Interesting report by ETS’ Paul Barton (pdf) adding some data to the ongoing debate about the college prep curriculum for all. Worth reading but for skimmers here’s the gist:
This analysis does not find support for the proposition that those not going to college need to be qualified to enter college credit courses in order to enter the workforce. It does, however, find a strong case for advancing the academic skills of a high proportion of those high school graduates if they are to compete successfully for the higher-paying jobs available to those without a college degree, and advance in such jobs. Beyond what employers are specifically looking for in job applicants, other important benefits are attached to higher levels of educational attainment.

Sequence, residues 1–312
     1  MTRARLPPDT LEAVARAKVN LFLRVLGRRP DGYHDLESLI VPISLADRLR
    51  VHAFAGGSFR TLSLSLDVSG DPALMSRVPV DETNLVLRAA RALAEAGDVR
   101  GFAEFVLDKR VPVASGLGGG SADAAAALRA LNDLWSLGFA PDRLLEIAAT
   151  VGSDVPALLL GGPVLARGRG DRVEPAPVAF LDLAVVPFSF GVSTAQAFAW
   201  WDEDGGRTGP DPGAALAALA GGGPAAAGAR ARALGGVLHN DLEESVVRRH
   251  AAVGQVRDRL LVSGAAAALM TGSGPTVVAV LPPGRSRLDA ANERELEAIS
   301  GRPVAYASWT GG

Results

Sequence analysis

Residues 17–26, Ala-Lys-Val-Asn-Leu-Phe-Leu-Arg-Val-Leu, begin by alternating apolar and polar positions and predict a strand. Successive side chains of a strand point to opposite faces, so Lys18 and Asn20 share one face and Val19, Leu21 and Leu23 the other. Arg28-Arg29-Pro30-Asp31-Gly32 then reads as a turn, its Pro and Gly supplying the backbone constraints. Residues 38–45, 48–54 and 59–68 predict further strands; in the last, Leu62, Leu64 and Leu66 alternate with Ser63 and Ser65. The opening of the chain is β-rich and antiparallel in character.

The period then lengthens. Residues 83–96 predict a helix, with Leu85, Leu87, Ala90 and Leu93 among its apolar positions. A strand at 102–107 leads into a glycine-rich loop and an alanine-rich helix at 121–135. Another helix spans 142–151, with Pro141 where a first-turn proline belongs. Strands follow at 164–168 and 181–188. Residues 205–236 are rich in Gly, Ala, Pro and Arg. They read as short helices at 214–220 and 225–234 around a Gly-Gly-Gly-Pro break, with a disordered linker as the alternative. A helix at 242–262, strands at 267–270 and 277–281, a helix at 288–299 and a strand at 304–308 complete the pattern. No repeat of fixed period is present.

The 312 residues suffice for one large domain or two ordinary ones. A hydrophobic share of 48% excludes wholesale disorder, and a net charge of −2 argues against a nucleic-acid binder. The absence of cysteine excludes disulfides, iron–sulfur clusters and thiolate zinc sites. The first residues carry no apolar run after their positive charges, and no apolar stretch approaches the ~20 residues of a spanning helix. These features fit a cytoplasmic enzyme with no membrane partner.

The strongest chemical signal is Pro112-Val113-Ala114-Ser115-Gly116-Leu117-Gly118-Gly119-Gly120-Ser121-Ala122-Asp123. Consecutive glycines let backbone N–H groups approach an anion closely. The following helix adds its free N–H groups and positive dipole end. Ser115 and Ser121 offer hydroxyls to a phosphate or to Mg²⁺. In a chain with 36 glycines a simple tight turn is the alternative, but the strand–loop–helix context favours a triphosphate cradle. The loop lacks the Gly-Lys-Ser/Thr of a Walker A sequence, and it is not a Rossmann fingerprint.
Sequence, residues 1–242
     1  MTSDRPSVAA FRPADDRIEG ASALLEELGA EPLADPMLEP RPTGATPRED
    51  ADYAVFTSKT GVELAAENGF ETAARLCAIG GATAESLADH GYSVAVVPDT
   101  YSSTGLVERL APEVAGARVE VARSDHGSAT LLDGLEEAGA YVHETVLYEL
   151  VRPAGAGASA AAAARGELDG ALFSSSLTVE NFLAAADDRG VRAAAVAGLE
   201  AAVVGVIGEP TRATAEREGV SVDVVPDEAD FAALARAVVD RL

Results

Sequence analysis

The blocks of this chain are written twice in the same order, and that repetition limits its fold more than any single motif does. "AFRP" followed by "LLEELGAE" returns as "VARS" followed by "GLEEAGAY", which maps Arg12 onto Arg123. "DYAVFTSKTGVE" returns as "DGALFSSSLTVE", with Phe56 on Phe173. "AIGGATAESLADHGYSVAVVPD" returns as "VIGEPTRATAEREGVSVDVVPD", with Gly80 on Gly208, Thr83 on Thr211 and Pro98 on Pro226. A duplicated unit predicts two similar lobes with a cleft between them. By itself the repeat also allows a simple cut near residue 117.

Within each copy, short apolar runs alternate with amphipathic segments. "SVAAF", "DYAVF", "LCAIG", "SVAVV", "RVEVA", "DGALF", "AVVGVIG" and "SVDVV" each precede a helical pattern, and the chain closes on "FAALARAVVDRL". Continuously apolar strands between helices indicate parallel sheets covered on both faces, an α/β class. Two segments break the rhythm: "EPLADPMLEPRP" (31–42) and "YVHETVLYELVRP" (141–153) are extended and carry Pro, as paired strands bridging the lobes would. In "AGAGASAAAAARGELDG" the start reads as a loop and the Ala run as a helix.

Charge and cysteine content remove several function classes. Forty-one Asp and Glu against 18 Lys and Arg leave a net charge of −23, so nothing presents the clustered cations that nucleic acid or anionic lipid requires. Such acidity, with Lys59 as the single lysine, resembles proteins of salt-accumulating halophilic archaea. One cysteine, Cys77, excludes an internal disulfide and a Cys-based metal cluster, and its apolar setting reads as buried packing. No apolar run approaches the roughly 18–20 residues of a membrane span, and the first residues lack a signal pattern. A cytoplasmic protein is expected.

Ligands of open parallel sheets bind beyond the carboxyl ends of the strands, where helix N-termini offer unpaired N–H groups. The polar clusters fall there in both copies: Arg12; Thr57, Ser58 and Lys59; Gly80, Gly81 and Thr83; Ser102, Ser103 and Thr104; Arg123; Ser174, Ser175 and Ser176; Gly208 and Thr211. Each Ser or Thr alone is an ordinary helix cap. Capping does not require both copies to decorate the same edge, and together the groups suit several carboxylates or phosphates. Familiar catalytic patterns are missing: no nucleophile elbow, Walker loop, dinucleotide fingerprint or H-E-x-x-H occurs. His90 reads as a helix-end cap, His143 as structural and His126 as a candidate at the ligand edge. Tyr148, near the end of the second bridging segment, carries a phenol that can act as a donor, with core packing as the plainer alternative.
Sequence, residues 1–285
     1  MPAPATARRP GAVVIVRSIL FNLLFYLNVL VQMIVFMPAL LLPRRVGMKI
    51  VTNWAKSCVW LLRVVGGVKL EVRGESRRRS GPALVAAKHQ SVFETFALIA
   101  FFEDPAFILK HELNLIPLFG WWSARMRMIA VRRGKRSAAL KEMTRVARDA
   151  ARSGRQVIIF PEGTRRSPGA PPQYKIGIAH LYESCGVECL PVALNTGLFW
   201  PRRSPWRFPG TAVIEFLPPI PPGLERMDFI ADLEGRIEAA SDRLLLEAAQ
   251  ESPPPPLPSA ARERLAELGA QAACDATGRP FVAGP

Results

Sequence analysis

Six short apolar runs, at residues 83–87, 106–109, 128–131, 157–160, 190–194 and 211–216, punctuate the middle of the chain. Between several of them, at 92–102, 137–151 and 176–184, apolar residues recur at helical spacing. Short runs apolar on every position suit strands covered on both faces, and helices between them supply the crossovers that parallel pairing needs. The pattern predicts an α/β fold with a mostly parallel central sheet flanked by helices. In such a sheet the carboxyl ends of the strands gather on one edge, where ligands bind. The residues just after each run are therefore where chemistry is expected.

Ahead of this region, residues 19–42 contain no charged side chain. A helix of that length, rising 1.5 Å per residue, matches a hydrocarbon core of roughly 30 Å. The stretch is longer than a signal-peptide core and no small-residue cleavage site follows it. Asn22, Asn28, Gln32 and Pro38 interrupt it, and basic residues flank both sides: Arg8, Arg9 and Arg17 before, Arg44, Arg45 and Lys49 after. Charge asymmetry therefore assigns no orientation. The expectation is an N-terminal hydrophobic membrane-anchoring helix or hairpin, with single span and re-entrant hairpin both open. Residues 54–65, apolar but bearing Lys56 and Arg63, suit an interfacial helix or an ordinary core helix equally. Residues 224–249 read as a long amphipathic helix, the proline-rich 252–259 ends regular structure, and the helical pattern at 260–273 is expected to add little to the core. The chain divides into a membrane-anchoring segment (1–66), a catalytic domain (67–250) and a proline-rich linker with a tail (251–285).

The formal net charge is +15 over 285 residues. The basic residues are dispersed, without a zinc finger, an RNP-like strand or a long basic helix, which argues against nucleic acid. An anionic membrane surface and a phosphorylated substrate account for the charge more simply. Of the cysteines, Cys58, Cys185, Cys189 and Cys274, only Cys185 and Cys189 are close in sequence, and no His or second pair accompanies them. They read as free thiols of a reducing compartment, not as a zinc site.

Also worth considering is the issue of who chooses the curriculum. The sorting of poor and minority kids into lower tracks is well established and regardless of workforce implications, a common and more rigorous curriculum has equity benefits.
Related is this new report from WestEd about high school – college and K-16 alignment. Good overview.